On the right is a photo of two telescopes and an observatory tent similar to those used by Cook in his expeditions. The refractor on the tall wooden tripod is a triple achromat by Dollond, 3 and 3/4 inches aperture, 46 inch focal length, made in 1767. The man is looking through a reflector made by James Short, 4 and 3/4 inches in aperture, 24 inch focal length, built in 1763. Both belong to St. John's College in Cambridge.
Click on the image at left to see a reflecting telescope made by James Short in London in the 18th century. This scope has a 4-inch objective mirror and a 24-inch focal length.
It was the first of three great voyages of discovery that Cook led in the South Pacific. He rounded Cape Horn in the Endeavour and reached Tahiti on 3 June 1769. After recovering a necessary scientific instrument stolen by the natives, the transit of Venus was successfully observed. The Endeavour then spent six months charting New Zealand. James Cook next explored and claimed possession of eastern Australia. The Endeavour returned to England, on 12 June 1771, via New Guinea, Java and the Cape of Good Hope.
The object of Captain Cook's second Pacific Ocean voyage was to confirm the existence of a theorized Great Southern Continent. His ship the Resolution, accompanied by the Adventure, departed Plymouth on 13 July 1772 and sailed around the Cape of Good Hope. Beset by ice, he was unable to reach Antarctica. Although its existence was suspected, James Cook demonstrated, by traversing large areas of the south Pacific, that it would have to be a frigid wasteland, and not an economically productive addition to the British empire. James Cook charted many of the South Pacific islands with the incredible accuracy of 3 miles. This accuracy was made possible by a new and highly accurate clock. The two ships returned to England, via Cape Horn, on 29 July 1775. Since public interest was high, many paintings by artists were widely displayed and published as engravings. James Cook was also awarded the Copley Gold Medal and elected as a fellow of the Royal Society.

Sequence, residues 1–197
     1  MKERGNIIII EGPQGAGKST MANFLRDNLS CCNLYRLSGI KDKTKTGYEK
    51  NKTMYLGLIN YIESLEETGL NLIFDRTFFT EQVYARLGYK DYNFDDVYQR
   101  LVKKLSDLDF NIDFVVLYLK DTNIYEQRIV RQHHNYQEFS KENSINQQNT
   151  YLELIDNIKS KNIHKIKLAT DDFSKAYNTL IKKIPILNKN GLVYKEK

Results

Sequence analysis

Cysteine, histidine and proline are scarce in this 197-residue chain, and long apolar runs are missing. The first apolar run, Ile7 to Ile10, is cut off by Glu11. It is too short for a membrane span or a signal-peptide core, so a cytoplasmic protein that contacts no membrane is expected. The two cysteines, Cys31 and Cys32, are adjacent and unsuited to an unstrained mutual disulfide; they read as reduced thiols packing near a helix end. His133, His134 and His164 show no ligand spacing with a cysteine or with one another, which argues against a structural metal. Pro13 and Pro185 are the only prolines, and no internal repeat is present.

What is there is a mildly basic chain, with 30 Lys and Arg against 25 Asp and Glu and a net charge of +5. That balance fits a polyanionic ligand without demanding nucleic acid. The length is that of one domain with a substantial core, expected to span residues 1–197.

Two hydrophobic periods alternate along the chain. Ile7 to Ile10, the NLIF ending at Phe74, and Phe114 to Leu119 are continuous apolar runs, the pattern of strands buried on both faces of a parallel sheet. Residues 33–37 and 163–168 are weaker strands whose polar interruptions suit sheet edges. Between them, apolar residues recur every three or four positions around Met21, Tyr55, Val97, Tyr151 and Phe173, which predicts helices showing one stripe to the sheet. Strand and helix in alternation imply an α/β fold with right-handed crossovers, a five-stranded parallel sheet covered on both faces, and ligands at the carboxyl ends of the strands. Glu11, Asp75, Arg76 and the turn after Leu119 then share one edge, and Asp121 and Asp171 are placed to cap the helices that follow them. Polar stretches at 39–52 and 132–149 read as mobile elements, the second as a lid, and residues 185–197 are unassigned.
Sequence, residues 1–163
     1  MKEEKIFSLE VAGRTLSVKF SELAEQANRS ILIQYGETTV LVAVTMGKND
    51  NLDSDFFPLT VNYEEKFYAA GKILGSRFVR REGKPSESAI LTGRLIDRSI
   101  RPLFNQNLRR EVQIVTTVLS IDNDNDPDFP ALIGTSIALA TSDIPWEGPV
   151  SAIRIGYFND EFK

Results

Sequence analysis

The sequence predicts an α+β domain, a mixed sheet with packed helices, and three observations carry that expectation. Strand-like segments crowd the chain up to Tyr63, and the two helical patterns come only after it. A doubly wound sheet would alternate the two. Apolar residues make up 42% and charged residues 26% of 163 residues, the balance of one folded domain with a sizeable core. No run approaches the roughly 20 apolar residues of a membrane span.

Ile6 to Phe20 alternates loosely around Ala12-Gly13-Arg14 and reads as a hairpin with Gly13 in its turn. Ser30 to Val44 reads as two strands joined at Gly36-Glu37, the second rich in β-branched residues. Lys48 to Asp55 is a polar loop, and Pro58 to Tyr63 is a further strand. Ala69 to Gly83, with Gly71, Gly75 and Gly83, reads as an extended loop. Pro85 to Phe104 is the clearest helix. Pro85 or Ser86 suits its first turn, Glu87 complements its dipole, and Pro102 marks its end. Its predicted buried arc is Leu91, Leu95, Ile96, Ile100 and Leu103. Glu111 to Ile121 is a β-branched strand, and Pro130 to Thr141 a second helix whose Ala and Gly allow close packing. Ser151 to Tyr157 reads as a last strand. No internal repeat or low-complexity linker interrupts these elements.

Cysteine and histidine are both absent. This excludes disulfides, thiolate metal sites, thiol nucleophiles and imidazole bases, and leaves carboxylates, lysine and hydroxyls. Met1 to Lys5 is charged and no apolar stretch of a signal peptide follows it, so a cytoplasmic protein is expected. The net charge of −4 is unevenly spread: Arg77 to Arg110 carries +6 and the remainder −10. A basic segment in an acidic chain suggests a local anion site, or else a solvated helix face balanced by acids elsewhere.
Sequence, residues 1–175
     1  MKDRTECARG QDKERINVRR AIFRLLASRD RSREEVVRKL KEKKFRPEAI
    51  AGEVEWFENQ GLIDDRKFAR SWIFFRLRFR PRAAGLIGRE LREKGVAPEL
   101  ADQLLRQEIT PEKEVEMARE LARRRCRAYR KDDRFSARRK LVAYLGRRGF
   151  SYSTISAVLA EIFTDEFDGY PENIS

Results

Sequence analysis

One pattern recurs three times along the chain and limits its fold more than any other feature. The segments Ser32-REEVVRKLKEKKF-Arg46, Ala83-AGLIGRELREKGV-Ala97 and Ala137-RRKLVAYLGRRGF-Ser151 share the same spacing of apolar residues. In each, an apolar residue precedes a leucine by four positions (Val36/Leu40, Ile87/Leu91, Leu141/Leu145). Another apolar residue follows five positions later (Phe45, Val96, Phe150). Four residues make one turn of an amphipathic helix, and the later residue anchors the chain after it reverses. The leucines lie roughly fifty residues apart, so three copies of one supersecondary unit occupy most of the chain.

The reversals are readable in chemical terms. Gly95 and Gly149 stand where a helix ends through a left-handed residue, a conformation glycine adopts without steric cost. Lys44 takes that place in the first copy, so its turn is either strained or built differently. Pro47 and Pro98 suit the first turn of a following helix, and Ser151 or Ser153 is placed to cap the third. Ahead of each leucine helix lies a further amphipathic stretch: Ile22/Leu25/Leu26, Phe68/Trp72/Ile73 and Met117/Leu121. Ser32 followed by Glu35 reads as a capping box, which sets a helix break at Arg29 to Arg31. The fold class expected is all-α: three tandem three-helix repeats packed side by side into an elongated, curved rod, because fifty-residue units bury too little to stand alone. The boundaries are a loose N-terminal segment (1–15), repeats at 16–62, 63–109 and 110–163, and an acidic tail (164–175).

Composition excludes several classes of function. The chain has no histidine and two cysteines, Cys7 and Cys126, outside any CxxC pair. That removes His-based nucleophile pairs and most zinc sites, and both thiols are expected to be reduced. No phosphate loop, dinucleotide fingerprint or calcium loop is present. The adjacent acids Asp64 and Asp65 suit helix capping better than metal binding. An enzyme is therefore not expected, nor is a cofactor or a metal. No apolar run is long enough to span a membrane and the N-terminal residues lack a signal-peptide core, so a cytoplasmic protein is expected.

The third great voyage is especially significant to the history of the west coast of North America. Captain Cook and his men were primarily searching for the Northwest Passage from the Pacific Ocean to the Atlantic Ocean. They departed Plymouth on 12 July 1776 in the Resolution and the Discovery.
The ships sailed around the Cape of Good Hope to reach the west coast of America in February of 1778. They continued north along the coast in haste to the Bering Sea and Bering Strait in an attempt to pass through the Arctic Ocean during the summer season. Foiled by ice, James Cook returned to Hawaii to prepare for another attempt at the Northwest Passage the next season. Soon after they had departed, a storm damaged the foremast of the Resolution and forced a return to Kealakekua Bay for repairs. Unfortunately, they had previously overstayed their welcome and relations became tense. The theft of a ship's cutter led Captain Cook to put ashore to demand the return of the boat. A fight broke out and James Cook was killed on 14 Feb 1779 by angry natives.
The Space Shuttle Endeavor is the newest addition to NASA's shuttle fleet. It is the fifth spacecraft in the shuttle program of exploration and discovery. A drawing of Captain Cook's vessel was commissioned by the National Geographic Society.
|Before the Telescope
|17th Century Telescopes
|18th Century Telescopes
|19th Century Telescopes
|A Brief History of the Telescope